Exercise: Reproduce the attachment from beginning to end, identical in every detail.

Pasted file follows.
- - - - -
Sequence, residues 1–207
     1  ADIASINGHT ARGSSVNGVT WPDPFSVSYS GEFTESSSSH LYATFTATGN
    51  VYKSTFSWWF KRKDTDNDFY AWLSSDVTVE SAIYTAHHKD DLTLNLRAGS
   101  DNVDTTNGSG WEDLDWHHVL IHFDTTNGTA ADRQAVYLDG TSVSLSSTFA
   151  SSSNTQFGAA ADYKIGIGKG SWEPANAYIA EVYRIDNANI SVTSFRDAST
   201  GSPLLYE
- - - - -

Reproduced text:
Sequence, residues 1–207
     1  ADIASINGHT ARGSSVNGVT WPDPFSVSYS GEFTESSSSH LYATFTATGN
    51  VYKSTFSWWF KRKDTDNDFY AWLSSDVTVE SAIYTAHHKD DLTLNLRAGS
   101  DNVDTTNGSG WEDLDWHHVL IHFDTTNGTA ADRQAVYLDG TSVSLSSTFA
   151  SSSNTQFGAA ADYKIGIGKG SWEPANAYIA EVYRIDNANI SVTSFRDAST
   201  GSPLLYE